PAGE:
Who will have access to the ABA information and data?

ABA status information and maps can be accessed through the ABA website at bcogc.ca and spatial data can be accessed through the associated FTP site.


How does ABA fit with current regulations?

Area-based analysis integrates strategic direction from the Environmental Protection Management Regulation into a coherent framework. This framework considers the material adverse effect proposed and existing development on environmental values identified under Governments Environmental Objectives.


What is the scope of Area-based Analysis?

Area-based Analysis follows the outline identified in the 1999 document “Cumulative Effects Assessment Practitioners Guide” prepared for the Canadian Environmental Assessment Agency.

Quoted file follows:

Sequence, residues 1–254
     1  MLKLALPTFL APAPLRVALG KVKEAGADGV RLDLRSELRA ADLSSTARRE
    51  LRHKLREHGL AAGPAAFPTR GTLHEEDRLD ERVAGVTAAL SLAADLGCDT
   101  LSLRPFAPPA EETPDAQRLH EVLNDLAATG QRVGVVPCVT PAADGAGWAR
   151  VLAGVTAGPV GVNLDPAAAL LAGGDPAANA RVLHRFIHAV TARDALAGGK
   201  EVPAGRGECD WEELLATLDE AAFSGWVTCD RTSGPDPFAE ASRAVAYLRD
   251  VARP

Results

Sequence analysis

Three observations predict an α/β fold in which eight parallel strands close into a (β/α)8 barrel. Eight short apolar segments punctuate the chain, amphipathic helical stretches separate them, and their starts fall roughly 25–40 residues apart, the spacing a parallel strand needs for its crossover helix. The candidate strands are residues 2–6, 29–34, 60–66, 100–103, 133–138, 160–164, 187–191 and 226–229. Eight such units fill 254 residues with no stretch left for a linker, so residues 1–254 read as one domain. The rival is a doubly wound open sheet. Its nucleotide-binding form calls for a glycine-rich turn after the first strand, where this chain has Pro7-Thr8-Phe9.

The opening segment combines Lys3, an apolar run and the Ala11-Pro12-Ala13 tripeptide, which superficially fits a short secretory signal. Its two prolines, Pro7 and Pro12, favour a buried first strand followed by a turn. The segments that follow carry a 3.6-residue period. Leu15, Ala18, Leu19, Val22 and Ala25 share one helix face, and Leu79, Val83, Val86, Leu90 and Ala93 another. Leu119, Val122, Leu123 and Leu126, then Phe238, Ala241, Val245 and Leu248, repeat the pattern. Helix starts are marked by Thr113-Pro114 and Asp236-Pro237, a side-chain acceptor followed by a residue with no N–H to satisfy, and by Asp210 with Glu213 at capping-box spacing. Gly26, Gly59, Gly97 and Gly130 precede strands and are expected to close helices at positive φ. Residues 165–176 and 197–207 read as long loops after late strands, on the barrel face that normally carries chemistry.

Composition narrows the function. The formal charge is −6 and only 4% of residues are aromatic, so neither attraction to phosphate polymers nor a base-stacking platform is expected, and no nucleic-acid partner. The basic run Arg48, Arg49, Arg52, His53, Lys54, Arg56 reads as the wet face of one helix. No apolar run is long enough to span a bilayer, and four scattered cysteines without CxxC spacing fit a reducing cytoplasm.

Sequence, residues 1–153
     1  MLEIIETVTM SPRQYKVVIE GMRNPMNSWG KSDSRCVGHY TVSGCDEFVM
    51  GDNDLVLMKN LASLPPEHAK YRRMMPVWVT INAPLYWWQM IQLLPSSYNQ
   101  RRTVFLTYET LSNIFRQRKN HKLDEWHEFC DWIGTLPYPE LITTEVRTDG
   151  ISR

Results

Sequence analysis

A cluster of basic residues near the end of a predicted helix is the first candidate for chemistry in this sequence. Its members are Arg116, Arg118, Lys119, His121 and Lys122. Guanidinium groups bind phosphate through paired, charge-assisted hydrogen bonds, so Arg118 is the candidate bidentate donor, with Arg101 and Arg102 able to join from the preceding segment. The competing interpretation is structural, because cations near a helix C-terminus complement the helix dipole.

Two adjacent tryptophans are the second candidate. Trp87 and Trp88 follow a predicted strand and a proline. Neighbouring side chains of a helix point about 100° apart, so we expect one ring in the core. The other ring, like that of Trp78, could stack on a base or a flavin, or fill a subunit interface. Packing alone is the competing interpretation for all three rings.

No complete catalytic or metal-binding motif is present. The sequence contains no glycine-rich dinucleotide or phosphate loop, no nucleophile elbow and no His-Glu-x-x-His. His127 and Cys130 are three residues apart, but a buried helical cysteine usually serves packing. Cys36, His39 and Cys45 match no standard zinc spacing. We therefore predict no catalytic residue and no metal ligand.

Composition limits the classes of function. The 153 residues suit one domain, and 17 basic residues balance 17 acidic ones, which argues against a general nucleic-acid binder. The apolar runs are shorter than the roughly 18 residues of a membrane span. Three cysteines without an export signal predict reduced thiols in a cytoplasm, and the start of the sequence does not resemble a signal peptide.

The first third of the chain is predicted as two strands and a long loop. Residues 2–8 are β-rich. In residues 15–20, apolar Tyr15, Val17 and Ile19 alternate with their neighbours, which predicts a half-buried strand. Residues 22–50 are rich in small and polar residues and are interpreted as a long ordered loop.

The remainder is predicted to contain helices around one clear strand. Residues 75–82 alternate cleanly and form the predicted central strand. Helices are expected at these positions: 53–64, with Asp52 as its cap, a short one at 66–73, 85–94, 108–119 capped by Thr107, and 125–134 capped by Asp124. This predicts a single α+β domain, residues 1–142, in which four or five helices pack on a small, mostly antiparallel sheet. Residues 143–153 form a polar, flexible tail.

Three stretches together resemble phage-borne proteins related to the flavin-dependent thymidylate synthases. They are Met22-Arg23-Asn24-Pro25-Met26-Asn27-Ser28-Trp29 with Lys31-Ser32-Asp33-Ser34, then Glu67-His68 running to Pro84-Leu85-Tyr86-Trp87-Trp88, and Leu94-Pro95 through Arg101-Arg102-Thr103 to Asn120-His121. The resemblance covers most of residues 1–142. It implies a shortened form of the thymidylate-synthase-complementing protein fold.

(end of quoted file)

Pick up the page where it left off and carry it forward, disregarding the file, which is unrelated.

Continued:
Scoping consists of five basic steps:

  1. Identify the issues of concern
  2. Select the appropriate values
  3. Identify the spatial and temporal boundaries
  4. Identify the actions that impact the values
  5. Identify potential impacts from the actions and possible effects.

What are the potential benefits?

One of the best methods to manage resource development and environmental/cultural conflict is to share the information available with all interested parties. Identifying the values important to each First Nation ensures that these values are recognized and considered early in the application process.


How can First Nations participate in Area-based Analysis?